Worms emerges from the mud to issue NFTs

(Image credit: Team 17)

Team17 has announced that, yes, it hasn't made quite enough scratch from Worms over the years: So it's crypto time, baby. The publisher is partnering with Reality Gaming Group, probably best-known for that dodgy looking Doctor Who NFT card game, to release NFTs based on the muck-dwelling annelids, which will cover the 26 year history of the series.

Probably the most interesting bit of this press release is incidental: The Worms games have sold over 75 million copies combined. At least three of which were to me.

As with all these things the press release kind of bends over backwards to make these digital images seem more special than they are. "Worms digital collectibles are one-of-a-kind and cannot be copied, which makes them scarce and potentially quite valuable." 'Potentially' doing a lot of heavy lifting there. Psst, try right-clicking.

Though I don't really know why you'd want to. These things are absolutely hideous. Yes I added the caption, sorry.

A horrible multicoloured worm.

(Image credit: Team 17)

There's also an unverifiable claim that these NFTs will be "low energy consuming" which seems unlikely when they're a "side-chain" of Ethereum and ultimately feeding that power-hungry ecosystem. The fact that the big crypto chains are bad for the environment is one of the critiques that's acquired purchase, and so most new projects are now trying to head it off at the pass: Another claim to ecological consciousness here is that a portion of each NFT's sale goes to an outfit called Coin 4 Planet, which based on the name I hate already. How about Time 2 Burn.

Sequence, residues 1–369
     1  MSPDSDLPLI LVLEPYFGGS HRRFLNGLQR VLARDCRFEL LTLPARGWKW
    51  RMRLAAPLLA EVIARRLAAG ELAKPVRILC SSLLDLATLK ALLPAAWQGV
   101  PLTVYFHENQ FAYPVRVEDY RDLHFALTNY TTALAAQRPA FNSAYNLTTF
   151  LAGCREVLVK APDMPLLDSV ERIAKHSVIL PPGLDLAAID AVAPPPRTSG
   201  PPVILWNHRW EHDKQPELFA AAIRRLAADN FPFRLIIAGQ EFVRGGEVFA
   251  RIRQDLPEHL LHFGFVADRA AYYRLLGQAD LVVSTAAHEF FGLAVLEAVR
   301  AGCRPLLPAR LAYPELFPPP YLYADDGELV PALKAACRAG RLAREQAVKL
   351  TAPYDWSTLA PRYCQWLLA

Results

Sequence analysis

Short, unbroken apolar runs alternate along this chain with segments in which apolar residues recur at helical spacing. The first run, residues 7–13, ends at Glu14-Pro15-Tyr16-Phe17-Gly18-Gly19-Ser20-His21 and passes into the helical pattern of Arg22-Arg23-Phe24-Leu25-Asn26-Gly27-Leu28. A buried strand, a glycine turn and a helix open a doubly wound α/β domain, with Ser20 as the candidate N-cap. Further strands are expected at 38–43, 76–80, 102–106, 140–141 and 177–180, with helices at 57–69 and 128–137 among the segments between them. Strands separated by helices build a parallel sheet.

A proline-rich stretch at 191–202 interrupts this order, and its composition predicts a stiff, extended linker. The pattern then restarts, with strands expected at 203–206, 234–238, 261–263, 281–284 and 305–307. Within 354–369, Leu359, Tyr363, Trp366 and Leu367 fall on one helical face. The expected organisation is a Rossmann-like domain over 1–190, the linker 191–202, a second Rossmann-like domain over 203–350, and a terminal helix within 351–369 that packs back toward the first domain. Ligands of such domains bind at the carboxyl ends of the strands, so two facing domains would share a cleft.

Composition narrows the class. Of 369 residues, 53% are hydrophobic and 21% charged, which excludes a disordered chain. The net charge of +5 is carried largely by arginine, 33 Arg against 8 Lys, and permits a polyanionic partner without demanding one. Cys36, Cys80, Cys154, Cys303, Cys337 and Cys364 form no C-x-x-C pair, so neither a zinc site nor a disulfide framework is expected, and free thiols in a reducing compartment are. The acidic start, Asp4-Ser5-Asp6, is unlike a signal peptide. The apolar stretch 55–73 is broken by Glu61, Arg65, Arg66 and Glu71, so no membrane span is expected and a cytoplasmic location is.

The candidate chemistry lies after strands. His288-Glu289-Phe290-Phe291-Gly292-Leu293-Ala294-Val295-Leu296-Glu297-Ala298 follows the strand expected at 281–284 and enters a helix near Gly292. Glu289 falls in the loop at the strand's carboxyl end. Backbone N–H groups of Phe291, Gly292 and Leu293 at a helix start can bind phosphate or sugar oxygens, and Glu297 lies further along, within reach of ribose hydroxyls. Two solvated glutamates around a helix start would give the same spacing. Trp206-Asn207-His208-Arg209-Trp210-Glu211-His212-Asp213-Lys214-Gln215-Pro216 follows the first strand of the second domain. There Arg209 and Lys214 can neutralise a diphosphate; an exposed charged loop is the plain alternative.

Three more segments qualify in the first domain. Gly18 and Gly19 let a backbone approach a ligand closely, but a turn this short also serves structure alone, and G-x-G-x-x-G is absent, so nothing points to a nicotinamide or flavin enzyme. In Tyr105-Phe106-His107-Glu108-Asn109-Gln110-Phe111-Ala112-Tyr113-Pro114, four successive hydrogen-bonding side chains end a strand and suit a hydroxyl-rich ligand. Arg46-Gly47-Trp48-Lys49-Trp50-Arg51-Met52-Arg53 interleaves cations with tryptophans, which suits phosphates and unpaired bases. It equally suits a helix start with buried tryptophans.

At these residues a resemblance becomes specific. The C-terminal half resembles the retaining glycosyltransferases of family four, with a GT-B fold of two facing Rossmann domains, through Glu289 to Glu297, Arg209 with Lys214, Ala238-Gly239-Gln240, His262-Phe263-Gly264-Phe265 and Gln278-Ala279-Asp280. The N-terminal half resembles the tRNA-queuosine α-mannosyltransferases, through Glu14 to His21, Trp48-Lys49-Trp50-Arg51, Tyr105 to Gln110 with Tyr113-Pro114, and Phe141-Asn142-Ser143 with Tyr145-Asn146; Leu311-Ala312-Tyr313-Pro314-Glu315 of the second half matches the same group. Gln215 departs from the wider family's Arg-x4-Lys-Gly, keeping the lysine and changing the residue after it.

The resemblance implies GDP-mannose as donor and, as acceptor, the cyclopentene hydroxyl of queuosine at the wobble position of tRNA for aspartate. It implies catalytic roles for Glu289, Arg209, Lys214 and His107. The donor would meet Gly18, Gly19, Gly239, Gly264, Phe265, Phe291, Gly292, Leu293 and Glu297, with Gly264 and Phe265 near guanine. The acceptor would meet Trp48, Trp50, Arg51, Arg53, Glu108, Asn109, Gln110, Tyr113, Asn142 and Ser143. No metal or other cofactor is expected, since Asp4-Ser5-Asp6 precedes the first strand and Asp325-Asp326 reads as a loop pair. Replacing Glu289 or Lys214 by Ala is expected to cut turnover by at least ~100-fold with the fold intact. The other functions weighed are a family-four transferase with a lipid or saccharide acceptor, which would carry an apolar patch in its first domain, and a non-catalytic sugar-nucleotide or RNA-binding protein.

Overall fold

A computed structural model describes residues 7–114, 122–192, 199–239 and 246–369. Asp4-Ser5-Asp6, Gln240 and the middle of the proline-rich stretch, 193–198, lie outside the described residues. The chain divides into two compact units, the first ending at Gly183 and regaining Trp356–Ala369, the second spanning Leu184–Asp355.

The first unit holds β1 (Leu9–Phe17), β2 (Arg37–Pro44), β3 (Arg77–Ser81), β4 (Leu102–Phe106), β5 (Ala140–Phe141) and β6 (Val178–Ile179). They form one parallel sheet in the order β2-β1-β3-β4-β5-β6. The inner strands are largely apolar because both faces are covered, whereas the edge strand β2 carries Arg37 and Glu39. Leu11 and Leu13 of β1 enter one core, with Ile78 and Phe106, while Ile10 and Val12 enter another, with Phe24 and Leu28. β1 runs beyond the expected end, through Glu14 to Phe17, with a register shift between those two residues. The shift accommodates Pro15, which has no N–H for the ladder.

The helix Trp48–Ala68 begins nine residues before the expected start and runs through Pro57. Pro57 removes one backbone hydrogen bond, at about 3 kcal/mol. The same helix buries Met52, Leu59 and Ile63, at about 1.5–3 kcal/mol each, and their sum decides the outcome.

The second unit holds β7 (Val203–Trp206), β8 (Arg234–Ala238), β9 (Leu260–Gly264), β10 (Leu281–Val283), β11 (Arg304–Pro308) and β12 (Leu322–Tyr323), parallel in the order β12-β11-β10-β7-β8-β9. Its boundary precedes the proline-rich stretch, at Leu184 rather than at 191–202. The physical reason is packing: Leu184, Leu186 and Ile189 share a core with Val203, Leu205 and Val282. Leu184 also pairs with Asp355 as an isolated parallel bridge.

"The ultra-low energy technology Reality Gaming Group uses, together with their carbon neutral servers, played an essential part of the reassurances we sought before our agreement," said Harley Homewood, Team17's head of publishing. "We’re very much looking forward to giving Worms fans a chance to own a piece of our history."

Team 17's only the latest publisher to hop on board the NFT bandwagon, though feelings across the industry are split, to say the least. On the one side you have the crypto enthusiasts and companies like Ubisoft constructing their own NFT platforms (which they can't explain very well), promising this is the future and don't worry we're not burning rainforests to make a horrible little Worm gif. On the other you have those who see this as a grift, plain and simple, where the value only comes from persuading suckers to buy something that has no inherent worth. Time will tell how it all shakes out.

Rich Stanton

Rich is a games journalist with 15 years' experience, beginning his career on Edge magazine before working for a wide range of outlets, including Ars Technica, Eurogamer, GamesRadar+, Gamespot, the Guardian, IGN, the New Statesman, Polygon, and Vice. He was the editor of Kotaku UK, the UK arm of Kotaku, for three years before joining PC Gamer. He is the author of a Brief History of Video Games, a full history of the medium, which the Midwest Book Review described as "[a] must-read for serious minded game historians and curious video game connoisseurs alike."